Efects of TET2 mutations on DNA methylation in chronic myelomonocytic leukemia

Department of Leukemia, The University of Texas MD Anderson Cancer Center, Houston, TX, USA.
Epigenetics: official journal of the DNA Methylation Society (Impact Factor: 4.78). 02/2012; 7(2):201-7. DOI: 10.4161/epi.7.2.19015
Source: PubMed


TET2 enzymatically converts 5-methyl-cytosine to 5-hydroxymethyl-cytosine, possibly leading to loss of DNA methylation. TET2 mutations are common in myeloid leukemia and were proposed to contribute to leukemogenesis through DNA methylation. To expand on this concept, we studied chronic myelomonocytic leukemia (CMML) samples. TET2 missense or nonsense mutations were detected in 53% (16/30) of patients. In contrast, only 1/30 patient had a mutation in IDH1 or IDH2, and none of them had a mutation in DNMT3A in the sites most frequently mutated in leukemia. Using bisulfite pyrosequencing, global methylation measured by the LINE-1 assay and DNA methylation levels of 10 promoter CpG islands frequently abnormal in myeloid leukemia were not different between TET2 mutants and wild-type CMML cases. This was also true for 9 out of 11 gene promoters reported by others as differentially methylated by TET2 mutations. We found that two non-CpG island promoters, AIM2 and SP140, were hypermethylated in patients with mutant TET2. These were the only two gene promoters (out of 14,475 genes) previously found to be hypermethylated in TET2 mutant cases. However, total 5-methyl-cytosine levels in TET2 mutant cases were significantly higher than TET2 wild-type cases (median = 14.0% and 9.8%, respectively) (p = 0.016). Thus, TET2 mutations affect global methylation in CMML but most of the changes are likely to be outside gene promoters.


Available from: Jaroslav Jelinek
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    • "TET family gene members (TET1, TET2, and TET3) have functions mostly in hematopoietic differentiation. The TET oncogene family member 2 (TET2) gene located at chromosome band 4q24 catalyzes the conversion of 5-methylcytosine to 5-hydroxymethylcytosine [1] [6] [7]. TET2 mutations are frequently detected during progression of MPN (myeloproliferative neoplasms) or MDS (myleodysplastic syndromes) to AML [1]. "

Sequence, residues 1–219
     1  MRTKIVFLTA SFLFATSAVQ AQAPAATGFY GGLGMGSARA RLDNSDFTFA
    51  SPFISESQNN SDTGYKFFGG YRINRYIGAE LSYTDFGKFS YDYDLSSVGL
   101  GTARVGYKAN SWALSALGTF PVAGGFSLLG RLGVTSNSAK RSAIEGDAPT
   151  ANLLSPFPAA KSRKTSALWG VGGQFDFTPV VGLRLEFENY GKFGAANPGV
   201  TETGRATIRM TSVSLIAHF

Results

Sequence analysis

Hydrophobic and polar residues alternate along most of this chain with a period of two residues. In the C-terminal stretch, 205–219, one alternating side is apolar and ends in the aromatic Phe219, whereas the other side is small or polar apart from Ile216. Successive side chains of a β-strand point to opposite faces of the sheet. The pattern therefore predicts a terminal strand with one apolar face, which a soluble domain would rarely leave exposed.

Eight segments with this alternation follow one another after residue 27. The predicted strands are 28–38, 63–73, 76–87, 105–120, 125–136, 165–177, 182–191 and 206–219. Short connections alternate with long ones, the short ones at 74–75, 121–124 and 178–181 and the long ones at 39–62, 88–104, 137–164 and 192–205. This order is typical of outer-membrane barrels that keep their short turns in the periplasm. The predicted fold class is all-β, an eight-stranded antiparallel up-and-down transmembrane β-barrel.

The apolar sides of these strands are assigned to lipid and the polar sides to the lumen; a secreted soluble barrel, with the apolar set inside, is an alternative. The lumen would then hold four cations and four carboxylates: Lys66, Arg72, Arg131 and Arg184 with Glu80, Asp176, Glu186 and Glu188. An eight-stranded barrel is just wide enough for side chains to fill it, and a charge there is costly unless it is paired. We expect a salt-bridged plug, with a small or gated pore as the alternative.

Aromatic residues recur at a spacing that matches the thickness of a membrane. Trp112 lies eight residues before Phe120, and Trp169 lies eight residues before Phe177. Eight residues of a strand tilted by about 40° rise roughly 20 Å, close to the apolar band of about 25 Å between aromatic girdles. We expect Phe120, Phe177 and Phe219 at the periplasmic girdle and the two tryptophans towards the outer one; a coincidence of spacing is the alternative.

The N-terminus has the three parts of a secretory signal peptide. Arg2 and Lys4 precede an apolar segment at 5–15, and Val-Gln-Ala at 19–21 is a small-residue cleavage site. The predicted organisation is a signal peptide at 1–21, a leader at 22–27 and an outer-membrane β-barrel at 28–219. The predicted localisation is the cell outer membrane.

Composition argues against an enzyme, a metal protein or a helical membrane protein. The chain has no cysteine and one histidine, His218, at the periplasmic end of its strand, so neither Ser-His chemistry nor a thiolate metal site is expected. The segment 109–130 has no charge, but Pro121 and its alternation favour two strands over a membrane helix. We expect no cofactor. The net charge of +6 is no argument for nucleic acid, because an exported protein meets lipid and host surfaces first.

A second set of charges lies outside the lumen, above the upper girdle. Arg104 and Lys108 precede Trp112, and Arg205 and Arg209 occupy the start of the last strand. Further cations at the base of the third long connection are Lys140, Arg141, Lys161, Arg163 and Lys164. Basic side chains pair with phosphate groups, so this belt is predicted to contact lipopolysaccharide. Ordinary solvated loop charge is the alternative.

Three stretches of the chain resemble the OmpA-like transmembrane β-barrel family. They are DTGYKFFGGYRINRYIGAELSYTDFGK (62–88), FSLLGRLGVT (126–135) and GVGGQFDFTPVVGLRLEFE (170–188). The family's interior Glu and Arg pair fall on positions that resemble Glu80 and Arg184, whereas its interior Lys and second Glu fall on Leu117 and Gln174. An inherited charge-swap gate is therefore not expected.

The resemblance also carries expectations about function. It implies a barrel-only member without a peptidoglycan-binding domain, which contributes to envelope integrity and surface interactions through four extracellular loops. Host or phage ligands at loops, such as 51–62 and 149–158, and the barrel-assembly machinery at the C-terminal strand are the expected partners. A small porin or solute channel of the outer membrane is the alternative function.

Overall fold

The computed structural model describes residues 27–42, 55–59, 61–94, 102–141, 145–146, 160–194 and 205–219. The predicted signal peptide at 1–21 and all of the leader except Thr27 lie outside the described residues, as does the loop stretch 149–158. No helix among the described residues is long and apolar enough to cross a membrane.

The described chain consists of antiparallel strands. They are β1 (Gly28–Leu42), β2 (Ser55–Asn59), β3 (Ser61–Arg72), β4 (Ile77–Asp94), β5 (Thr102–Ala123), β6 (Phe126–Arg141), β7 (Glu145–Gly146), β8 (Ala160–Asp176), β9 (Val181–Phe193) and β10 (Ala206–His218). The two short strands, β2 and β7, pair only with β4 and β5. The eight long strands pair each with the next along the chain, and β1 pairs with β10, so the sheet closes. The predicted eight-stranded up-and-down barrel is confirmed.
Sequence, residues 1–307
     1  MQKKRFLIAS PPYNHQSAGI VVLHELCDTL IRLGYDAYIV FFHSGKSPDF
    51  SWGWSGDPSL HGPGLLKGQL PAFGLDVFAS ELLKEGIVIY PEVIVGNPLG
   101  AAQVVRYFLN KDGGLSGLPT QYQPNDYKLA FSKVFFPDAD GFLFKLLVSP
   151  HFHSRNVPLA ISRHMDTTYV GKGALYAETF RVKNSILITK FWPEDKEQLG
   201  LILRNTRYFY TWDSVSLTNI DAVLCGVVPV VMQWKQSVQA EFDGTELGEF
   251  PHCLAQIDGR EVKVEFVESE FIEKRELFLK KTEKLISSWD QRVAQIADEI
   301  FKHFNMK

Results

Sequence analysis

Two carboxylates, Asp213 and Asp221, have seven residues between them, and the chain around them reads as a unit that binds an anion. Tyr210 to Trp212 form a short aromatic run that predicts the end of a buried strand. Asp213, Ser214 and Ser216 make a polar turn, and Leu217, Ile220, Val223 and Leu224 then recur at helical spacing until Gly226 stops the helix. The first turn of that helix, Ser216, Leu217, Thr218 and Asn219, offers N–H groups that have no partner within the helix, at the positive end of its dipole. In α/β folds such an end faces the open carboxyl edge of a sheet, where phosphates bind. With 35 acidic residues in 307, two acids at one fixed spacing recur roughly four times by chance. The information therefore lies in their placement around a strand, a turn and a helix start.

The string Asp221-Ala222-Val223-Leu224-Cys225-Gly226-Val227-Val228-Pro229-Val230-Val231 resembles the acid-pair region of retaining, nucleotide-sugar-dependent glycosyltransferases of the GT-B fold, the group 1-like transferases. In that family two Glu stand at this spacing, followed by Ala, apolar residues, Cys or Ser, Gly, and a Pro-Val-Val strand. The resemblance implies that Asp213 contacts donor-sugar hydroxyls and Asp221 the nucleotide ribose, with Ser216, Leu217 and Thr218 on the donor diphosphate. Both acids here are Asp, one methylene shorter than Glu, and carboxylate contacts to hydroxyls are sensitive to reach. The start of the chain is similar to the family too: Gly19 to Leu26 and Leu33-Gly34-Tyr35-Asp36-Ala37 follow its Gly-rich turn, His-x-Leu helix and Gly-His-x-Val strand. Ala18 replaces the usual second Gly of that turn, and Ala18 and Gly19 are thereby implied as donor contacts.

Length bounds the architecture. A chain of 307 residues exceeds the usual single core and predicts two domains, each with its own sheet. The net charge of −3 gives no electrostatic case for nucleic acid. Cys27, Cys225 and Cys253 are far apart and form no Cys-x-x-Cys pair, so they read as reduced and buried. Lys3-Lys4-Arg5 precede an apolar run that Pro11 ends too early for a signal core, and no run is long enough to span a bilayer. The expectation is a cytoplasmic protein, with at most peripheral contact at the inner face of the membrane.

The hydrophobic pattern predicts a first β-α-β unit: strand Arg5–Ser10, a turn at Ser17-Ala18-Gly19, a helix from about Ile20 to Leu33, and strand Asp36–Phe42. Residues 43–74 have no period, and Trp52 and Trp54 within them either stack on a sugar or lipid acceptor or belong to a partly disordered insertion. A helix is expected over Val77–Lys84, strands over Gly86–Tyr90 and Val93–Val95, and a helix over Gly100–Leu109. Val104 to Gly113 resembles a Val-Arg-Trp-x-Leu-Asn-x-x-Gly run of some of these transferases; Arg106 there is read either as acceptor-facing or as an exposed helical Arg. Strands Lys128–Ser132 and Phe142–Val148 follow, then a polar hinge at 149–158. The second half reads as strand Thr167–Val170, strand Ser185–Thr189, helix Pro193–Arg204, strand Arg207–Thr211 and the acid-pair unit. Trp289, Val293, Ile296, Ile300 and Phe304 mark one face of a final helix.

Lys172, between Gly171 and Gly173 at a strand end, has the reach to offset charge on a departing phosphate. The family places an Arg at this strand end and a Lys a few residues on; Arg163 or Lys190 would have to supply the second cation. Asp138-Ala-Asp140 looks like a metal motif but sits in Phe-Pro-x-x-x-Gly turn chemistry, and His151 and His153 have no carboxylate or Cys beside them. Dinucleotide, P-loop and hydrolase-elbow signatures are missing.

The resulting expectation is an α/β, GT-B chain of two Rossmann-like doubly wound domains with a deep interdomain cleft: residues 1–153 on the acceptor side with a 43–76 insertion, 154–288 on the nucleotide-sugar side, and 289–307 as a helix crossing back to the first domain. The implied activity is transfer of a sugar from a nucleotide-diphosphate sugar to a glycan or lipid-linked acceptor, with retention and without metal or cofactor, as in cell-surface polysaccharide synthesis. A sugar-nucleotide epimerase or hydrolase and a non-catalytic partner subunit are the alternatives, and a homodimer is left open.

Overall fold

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    ABSTRACT: Background: Acute myeloid leukemia (AML) is a heterogeneous clonal disorder in terms of cytogenetic and molecular aberrations. Ten-Eleven-Translocation 2 (TET2), Kirsten rat sarcoma viral oncogene homolog (KRAS), and Casitas B-cell lymphoma (CBL) have an important role pathogenesis of acute myeloid leukemia (AML) and their activated mutations confer proliferative and survival signals. Aim: In this study, we aimed to find possible genetic markers for molecular analysis in childhood AML by screening hot-spot exons of TET2, KRAS, and CBL using Next Generation Sequencing (NGS) analysis. In addition, association between found variants and mutations of Januse Kinase-2 (JAK2) and Fms-Related Tyrosine Kinase (FLT3) were analyzed which are important prognostic risk factors for AML. Methods: Eight patients who were diagnosed with pediatric AML at Losante Pediatric Hematology–Oncology Hospital were included to the study. Hot-spot exons of TET2, KRAS and CBL genes were screened using the NGS method. Furthermore, FLT3-Internal Tandem Duplicate (FLT3-ITD) and JAK2-V617F were analyzed by Real Time Polymerase chain Reaction (Real Time-PCR). Results: In total, we identified 20 variants in studied genes by NGS. In our patient group, 16 variants in the TET2 (seven novel, seven missense and two silent), two variants in the KRAS (one missense and one intronic) and two variants in the CBL (two novel) were found. All of AML patients were found negative for JAK V617 F. Three of the eight patients (37.5%) showed mutations of both FLT3-ITD and TET2, KRAS, CBL. Conclusion: We found novel mutations for TET2, KRAS, and CBL. The detected variants in this article seem to be the first screening results of genes studied by NGS in childhood AML patients. Our results also showed some degree of association between FLT3-ITD and TET2, KRAS, CBL mutations.
    Egyptian Journal of Medical Human Genetics 10/2015; DOI:10.1016/j.ejmhg.2015.09.002